My wife and I are complete opposites in many regards of our lives. I’m a science guy; she is art. She cooks and cleans; I eat and unclean. I’m tech-savvy(ish); she is not. As such, we have informally defined roles in our house. For example, anything to do with homely matters, she handles. Anything to do with technology… that is my domain.
Because of the just-mentioned, I am the one who created (creates) important online accounts for my wife, like her email. (She creates her own accounts when it comes to useless shit, like Facebook.) Part of the process of creating my wife’s accounts is that I’m responsible for her login details (including password). For example, I setup her email on her phone but she has no idea what her password is. And, as it turns out, this is a very good thing. Curious? Read on to learn more.
It was a Saturday afternoon. I’m on my computer when my wife hurriedly calls me over, telling me she won a free iPhone. Perplexed, I walk over and look at her phone. It took me roughly 0.4535609712345 seconds to recognize what she is looking at is one of those scam websites that tell you that you’ve won something but then force you to sign up for dozens of offers in order to get said item (if you ever get it at all). I explain this to her and tell her she won’t get squat. She insists that this is legitimate because “many people left positive comments”. I further tell her that the website she is on is not Facebook and the comments are not real — someone created the website to look like Facebook and put fake comments on there to fool people like you (yes, I said that).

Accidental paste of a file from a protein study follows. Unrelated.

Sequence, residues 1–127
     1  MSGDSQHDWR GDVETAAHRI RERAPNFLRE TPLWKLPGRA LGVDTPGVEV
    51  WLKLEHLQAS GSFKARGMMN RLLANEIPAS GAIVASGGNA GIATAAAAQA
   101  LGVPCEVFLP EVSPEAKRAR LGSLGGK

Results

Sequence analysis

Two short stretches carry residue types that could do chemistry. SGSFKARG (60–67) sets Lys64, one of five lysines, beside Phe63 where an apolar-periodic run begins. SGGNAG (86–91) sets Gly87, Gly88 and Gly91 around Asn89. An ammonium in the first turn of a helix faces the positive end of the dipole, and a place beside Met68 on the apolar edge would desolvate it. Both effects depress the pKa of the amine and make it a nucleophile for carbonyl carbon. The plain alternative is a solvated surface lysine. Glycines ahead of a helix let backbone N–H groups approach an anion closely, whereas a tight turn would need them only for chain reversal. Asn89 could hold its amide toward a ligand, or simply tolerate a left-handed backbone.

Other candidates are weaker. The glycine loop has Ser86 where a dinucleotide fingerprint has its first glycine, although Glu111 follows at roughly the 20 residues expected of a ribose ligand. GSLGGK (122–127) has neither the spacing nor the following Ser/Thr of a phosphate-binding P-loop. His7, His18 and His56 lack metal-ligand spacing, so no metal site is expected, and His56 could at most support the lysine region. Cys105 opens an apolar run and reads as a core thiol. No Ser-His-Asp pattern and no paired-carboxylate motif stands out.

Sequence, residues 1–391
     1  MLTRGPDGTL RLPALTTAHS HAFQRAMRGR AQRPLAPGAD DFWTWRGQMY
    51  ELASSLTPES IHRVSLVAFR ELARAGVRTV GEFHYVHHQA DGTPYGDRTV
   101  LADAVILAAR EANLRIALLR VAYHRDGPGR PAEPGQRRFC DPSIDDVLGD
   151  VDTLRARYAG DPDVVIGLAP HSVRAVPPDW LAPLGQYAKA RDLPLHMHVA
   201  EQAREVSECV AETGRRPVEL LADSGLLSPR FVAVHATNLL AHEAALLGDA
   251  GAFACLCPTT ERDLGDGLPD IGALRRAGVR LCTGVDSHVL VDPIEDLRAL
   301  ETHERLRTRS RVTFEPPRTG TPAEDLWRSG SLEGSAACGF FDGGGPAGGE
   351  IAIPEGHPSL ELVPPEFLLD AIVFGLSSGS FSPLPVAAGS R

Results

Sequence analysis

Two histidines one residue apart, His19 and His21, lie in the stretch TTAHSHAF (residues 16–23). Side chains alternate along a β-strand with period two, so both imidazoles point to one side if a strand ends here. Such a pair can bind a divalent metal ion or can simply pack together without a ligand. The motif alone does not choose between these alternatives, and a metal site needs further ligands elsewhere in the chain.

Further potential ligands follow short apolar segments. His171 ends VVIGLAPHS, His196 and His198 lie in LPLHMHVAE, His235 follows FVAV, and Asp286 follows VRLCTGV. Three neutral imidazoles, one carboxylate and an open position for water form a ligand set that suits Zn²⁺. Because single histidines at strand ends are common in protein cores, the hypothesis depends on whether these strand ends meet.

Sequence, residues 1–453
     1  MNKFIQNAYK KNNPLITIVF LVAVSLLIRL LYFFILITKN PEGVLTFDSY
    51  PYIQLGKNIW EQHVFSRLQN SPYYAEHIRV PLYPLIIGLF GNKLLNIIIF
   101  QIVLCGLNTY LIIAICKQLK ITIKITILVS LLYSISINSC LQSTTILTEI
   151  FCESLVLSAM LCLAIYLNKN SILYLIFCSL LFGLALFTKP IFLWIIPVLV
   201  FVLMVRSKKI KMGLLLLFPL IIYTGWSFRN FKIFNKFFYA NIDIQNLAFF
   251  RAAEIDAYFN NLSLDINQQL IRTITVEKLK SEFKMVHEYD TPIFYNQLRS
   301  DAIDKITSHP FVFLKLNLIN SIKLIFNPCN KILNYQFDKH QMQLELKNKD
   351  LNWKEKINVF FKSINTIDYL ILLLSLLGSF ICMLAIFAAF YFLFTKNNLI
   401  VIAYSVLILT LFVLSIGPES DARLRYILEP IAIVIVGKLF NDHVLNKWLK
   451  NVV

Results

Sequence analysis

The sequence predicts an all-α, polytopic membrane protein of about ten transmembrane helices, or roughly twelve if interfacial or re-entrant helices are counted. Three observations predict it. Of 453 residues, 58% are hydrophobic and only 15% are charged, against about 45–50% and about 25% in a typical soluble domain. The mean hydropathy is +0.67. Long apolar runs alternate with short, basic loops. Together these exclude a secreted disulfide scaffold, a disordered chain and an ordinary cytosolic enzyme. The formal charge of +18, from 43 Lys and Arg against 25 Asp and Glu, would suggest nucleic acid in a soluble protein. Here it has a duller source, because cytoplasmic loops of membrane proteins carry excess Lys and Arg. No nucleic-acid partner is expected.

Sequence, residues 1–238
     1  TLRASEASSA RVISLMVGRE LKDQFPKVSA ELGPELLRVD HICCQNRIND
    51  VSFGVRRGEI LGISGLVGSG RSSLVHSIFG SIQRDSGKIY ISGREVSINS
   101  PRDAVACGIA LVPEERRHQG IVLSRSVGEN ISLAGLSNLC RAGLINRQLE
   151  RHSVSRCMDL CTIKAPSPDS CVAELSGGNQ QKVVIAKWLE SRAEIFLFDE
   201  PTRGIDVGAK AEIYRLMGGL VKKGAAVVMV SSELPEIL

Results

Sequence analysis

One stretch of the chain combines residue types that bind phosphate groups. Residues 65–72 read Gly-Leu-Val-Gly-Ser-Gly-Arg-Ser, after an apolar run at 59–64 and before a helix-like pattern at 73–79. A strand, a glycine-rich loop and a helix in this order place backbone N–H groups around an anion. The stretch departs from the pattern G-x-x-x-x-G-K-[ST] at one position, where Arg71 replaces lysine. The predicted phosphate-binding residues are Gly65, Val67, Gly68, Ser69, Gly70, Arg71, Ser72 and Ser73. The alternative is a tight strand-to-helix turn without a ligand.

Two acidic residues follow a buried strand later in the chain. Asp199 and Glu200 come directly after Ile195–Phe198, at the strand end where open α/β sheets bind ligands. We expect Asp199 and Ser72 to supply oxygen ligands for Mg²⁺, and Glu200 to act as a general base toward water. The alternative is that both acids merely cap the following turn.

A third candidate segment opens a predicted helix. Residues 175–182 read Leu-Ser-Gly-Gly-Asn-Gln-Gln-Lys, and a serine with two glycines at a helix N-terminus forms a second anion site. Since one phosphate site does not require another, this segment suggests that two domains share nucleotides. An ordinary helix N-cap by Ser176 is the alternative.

She continues to insist that this is legitimate, so I tell her to go ahead and try it. She does and, surprise surprise, she gets nothing. When I ask her about it, she says she didn’t finish it because it was asking her to signup for xyz and abc and etc. (For the record, this is exactly what I explained to her earlier.)
Fast forward to today.
Today I need to log into my wife’s email account (for an unrelated reason). She happens to be standing besides me and asks me what her email password is (recall: I setup the account and never actually gave her the password). I was more than willing to give it to her, but I had a feeling she didn’t actually need it. So, I ask her why does she need it. She tells me so she can login. I tell her, you can already login on your phone (and she doesn’t use the computer to check her email). She tells me she needs the password so she can give it when asked.
…Wait a second. Give it to who when what?
After I interrogate her, it turns out she was talking about how during her attempt to get a free iPhone from the above-mentioned scam website, she was asked for her email password… but she didn’t give it because she didn’t know it, seemingly indicating she would have given it had I been foolish enough to give it to her.
Face, meet desk.